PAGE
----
Eels Tomorrow Morning Review

Released 2010.  

BBC Review

A more playful, relaxed listen than its predecessor, but a little slack of execution.

James Skinner 2010

On Eels’ ninth album, Mark ‘E’ Oliver Everett explores many of the themes that have long cropped up throughout his oeuvre, from loneliness through the idea of what it is to be happy – a loving relationship? Artistry? – to his lyrical staple of birds. Album highlight and first song proper here is entitled I’m a Hummingbird, and comes over like a loose cousin of his last record’s Little Bird, except that where Everett was formerly dejected and alone, here he casts himself the bird, “beautiful and free.” Over arcing strings he considers “all the seconds and the minutes… The years of my life,” declaring that “It was all worth it, to be here now”.


The general theme and idea of the whole thing is one of renewal, of the light that glimmered as End Times closed out, manifesting itself in something brilliant; a man finally content. But this rebirth is one communicated mainly through platitudes, of which This Is Where It Gets Good epitomises. Sitting at the heart of the record, Everett hammers home the song title, surmising that “the spirits come together,” before the funk riff the song is built out of takes centre-stage for four excruciatingly aimless minutes.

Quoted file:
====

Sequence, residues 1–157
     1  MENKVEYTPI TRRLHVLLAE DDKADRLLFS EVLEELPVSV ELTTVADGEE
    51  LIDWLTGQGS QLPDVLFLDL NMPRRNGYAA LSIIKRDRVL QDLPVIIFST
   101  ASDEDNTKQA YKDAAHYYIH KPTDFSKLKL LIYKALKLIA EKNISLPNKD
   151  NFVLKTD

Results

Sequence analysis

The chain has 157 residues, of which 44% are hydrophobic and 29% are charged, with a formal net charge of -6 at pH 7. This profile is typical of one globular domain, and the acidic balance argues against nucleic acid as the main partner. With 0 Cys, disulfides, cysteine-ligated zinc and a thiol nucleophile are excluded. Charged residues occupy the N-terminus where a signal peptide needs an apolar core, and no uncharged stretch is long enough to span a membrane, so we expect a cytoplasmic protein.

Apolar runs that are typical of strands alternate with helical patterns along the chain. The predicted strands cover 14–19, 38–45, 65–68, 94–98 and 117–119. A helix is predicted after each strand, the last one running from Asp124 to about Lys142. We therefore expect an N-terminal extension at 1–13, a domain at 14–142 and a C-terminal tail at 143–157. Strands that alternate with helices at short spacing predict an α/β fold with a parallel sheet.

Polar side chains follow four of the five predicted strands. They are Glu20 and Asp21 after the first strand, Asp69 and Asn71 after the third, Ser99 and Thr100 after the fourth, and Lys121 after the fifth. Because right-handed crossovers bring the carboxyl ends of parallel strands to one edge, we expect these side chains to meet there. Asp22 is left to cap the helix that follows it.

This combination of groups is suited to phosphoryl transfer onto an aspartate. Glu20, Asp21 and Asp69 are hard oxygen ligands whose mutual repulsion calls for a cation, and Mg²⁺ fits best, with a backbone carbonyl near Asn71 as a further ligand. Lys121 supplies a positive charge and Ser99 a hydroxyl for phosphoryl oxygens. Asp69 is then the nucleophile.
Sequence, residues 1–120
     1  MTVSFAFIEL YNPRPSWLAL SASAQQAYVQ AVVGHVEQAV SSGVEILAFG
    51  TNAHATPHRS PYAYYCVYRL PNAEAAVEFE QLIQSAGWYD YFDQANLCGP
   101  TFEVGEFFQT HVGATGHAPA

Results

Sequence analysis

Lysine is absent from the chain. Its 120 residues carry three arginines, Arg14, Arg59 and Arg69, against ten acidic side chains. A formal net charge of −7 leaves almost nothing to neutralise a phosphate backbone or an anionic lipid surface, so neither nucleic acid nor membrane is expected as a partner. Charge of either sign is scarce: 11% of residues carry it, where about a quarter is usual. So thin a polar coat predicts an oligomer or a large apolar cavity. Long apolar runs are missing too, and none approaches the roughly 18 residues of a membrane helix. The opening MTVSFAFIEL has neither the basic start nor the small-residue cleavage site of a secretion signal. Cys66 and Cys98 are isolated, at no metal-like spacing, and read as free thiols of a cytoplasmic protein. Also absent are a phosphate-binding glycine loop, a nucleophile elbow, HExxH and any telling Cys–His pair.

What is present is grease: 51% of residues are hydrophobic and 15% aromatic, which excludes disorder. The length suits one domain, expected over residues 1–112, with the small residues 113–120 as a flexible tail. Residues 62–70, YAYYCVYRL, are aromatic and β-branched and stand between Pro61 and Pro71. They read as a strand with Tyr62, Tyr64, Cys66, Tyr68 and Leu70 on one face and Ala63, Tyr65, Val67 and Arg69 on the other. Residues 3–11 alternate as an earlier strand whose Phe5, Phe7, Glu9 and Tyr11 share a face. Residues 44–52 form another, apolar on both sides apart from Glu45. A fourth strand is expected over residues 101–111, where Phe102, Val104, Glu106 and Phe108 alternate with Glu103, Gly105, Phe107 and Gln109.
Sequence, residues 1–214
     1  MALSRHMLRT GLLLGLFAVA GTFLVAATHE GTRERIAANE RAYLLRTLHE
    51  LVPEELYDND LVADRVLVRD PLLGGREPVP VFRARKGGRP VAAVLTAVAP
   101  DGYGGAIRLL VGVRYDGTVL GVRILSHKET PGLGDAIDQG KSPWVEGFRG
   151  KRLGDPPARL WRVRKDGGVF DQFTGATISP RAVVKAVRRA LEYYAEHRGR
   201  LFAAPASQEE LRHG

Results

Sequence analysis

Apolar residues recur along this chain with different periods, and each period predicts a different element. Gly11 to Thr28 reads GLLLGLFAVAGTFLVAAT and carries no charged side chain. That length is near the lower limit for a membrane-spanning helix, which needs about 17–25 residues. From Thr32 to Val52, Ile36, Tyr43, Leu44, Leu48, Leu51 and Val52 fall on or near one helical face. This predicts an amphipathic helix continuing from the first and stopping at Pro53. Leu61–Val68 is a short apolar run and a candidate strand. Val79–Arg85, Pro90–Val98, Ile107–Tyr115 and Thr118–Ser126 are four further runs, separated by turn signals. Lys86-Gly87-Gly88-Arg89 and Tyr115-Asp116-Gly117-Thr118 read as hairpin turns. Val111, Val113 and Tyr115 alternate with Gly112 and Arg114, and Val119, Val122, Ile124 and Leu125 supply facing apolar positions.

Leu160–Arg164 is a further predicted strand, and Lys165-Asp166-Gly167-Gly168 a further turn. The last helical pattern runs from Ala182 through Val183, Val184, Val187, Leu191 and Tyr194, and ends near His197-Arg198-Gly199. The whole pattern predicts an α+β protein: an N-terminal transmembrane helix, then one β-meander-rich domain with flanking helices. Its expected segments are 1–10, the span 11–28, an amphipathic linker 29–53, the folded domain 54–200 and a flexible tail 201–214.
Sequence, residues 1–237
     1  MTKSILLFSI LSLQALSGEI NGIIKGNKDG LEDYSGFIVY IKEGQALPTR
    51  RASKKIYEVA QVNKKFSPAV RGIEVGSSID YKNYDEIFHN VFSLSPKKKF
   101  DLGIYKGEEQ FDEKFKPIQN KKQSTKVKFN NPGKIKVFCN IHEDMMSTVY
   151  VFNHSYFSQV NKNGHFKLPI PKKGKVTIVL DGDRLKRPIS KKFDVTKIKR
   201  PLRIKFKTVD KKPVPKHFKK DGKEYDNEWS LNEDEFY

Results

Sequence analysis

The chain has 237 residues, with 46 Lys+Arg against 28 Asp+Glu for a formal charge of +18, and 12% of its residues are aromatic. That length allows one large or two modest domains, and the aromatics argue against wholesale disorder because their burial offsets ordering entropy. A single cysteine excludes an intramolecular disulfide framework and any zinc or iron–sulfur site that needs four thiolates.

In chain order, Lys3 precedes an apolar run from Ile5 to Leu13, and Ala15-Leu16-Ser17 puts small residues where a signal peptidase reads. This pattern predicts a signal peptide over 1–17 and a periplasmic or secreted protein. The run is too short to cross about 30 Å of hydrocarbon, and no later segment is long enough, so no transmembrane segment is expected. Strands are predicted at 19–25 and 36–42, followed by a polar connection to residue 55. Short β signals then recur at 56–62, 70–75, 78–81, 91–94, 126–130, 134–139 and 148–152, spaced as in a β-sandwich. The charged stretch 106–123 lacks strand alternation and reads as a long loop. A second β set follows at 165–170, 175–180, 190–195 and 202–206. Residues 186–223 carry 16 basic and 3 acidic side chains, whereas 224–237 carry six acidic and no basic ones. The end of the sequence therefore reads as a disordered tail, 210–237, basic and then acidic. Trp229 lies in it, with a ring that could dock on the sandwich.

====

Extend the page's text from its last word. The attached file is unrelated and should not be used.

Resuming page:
Yet Everett is on the upswing here – as he acknowledges on the sweet Spectacular Girl, “Some things just happen ‘cause they have to be”. After the bleak vision presented us on End Times (where he sang frankly of divorce against a backdrop of madness and apocalypse-mongering), it is a relief to hear him at ease with himself and the world surrounding. Straight off the bat, Tomorrow Morning is a more playful, relaxed listen than its predecessor. Indeed, Everett views this record as the conclusion of a trilogy which began with Hombre Lobo before descending into the misery present on End Times.


It’s not serenity that’s the problem on Tomorrow Morning though – it just feels slack in execution; like a series of vaguely pretty sketches or half thought-through ideas. It’s a palate-cleanser for sure, and whatever lies next for Everett, you have to hope it’s a little more emphatic than what’s on offer here.

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